Anterior Lumbar Fusion, 1 level (ALIF)


Lumbar fusion is one of the most common back surgeries performed. If you have back pain, instability, pain radiating into your arms or down your legs, and/or have damaged discs between your vertebrae, you may be a candidate for lumbar fusion. By fusing together two or more of your vertebrae (spinal fusion), your doctor can stabilize your spine and likely reduce or eliminate the pain you are experiencing.

Estimated Price

$47,300.00*

The pricing information provided by this website is strictly an estimation of pricing.

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Provider List

2900 12th Avenue North #140W & #100E
Billings, MT 59101
(406) 237-5050

What is Spinal Fusion

Spinal fusion is a way to stabilize parts of the neck or back by causing vertebrae to grow together as they would with a broken bone by using metal plates, rods, and/or screws to hold them together.

When Procedure is Used

Lumbar fusion is performed when a patient has a vertebra that slips back and forth (called spondylolisthesis) or discs that have degenerated. It can also be performed following a severe back injury or to provide general stability to the spine. Spinal fusion is a treatment option when motion is the source of pain. Eliminating the vertebral movement may alleviate your pain and help you to return to normal activites.

During Surgery

You will be given general anesthesia for surgery. An Anterior Lumbar Fusion involves the surgeon approaching the lower spine from the front instead of the back. This approach may be used if you’ve had previous back surgery and will allow more direct access to the intervertebral disc without disturbing nerves and muscles in your back. A 3-5 inch incision will be made in your lower abdomen. With assistance from a general surgeon, your organs and vessels will be retracted to the side to expose the disc space. Your surgeon will then locate and remove the damaged disc before replacing it with a bone graft from your body or a cadaver. The bone graft along with plates, rods, and screws will fuse the vertebrae below and above it together. This should stabilize the spine and reduce the pain you are experiencing. In some cases, the surgeon may use an artifical disc instead of a fusion.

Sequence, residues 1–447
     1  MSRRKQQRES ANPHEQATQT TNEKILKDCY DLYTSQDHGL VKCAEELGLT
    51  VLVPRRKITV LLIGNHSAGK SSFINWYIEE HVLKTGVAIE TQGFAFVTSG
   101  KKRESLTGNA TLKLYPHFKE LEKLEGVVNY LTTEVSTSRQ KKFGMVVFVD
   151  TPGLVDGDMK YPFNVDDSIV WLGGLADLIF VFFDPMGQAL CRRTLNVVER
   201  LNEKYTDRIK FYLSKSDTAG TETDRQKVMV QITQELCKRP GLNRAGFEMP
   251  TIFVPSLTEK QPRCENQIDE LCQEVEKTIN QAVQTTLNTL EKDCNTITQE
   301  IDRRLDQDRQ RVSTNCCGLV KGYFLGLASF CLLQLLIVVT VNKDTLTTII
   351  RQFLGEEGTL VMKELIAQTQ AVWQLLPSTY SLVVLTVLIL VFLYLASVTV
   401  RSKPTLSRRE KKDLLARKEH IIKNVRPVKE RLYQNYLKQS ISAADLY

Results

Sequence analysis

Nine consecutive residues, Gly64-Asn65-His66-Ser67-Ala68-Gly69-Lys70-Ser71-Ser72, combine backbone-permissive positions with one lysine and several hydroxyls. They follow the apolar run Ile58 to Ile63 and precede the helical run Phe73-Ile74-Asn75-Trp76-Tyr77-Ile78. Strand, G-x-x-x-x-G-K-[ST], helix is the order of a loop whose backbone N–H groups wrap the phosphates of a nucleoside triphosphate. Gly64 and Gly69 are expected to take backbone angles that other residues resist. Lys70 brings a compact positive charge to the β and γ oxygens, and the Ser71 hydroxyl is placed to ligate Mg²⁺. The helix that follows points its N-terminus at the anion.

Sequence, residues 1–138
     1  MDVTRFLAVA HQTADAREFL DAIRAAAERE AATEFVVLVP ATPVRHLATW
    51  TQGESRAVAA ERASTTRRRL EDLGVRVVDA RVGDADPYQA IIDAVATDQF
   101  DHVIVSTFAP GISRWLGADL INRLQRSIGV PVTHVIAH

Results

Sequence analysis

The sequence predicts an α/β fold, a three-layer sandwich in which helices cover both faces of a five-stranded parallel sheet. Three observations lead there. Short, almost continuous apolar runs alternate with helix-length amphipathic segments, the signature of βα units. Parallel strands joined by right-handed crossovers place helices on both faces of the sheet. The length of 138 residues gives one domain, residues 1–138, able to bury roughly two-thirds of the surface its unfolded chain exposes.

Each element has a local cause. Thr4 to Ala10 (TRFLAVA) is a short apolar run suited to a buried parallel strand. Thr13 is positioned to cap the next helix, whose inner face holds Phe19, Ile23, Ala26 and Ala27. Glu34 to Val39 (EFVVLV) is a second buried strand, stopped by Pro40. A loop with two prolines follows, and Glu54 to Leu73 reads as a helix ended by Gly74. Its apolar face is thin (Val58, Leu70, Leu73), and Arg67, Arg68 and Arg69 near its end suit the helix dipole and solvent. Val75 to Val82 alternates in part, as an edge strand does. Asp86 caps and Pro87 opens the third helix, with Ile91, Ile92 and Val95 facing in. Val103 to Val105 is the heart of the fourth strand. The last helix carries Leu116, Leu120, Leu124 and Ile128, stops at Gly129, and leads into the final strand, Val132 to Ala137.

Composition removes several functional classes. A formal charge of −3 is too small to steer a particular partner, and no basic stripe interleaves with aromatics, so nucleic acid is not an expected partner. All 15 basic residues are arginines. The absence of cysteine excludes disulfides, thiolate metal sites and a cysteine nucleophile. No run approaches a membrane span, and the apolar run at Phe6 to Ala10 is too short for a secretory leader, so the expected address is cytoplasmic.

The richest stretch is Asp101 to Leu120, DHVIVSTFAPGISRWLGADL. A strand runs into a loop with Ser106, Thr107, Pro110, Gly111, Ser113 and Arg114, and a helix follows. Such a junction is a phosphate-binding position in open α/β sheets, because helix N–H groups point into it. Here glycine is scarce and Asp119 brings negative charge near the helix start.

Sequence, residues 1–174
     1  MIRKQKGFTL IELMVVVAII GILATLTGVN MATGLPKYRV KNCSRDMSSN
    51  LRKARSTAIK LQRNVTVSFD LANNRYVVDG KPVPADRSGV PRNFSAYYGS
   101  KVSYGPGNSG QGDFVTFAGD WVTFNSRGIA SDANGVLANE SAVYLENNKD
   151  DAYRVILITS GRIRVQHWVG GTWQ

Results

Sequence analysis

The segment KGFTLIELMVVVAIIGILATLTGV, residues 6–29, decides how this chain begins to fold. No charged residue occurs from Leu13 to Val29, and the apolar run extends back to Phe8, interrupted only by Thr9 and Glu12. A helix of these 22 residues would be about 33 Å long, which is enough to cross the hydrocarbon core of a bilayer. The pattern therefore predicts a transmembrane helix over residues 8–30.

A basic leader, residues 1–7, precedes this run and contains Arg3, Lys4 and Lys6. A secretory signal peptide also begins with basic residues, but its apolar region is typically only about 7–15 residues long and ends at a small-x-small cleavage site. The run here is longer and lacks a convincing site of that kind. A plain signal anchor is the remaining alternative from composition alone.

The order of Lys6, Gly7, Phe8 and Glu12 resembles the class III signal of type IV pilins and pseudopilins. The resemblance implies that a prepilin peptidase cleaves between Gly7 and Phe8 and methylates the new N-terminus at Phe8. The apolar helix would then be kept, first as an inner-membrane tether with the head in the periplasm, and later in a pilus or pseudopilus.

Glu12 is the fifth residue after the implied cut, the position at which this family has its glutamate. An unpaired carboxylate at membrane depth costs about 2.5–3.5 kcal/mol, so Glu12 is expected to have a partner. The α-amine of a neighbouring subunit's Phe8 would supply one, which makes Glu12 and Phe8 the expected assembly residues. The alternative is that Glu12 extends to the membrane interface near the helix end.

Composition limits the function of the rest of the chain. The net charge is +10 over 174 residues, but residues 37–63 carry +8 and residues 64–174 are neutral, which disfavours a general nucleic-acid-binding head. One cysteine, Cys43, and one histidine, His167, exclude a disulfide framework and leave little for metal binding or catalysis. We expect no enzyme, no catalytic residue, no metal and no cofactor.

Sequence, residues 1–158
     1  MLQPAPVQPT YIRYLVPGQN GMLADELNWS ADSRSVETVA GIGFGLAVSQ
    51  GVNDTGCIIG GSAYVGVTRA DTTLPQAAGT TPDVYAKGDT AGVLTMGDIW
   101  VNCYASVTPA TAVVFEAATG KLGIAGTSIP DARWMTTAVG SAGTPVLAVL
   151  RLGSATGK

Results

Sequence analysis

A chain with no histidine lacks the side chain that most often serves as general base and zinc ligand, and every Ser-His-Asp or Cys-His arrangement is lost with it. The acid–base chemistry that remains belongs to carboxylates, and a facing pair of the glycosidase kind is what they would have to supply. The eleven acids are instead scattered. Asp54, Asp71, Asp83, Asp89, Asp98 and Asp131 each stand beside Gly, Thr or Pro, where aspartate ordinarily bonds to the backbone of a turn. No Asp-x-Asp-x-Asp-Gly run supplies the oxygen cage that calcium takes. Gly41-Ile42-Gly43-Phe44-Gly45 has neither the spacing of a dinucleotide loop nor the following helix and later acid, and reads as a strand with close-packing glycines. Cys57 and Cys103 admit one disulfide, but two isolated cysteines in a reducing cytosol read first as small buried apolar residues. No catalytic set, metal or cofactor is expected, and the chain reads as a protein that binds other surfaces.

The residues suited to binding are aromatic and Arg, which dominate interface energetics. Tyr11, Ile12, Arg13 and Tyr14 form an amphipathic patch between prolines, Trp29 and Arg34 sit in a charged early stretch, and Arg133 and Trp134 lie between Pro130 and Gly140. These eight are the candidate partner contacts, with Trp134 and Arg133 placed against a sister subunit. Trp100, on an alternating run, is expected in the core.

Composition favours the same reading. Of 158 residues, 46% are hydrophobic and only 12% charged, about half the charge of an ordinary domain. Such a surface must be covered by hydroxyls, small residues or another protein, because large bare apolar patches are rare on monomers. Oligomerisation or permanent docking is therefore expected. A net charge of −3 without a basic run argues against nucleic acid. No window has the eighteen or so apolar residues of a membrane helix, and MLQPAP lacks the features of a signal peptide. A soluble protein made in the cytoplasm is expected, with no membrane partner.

Risks

The risk of complications is very low. However, potential risks might include

  • allergic reactions to medications
  • nerve damage
  • bleeding or blood clots
  • infection
  • injury to surrounding tissues
  • numbness
  • reduced mobility following fusion

Benefits

  • decrease in pain
  • increase in stability
  • increase in strength

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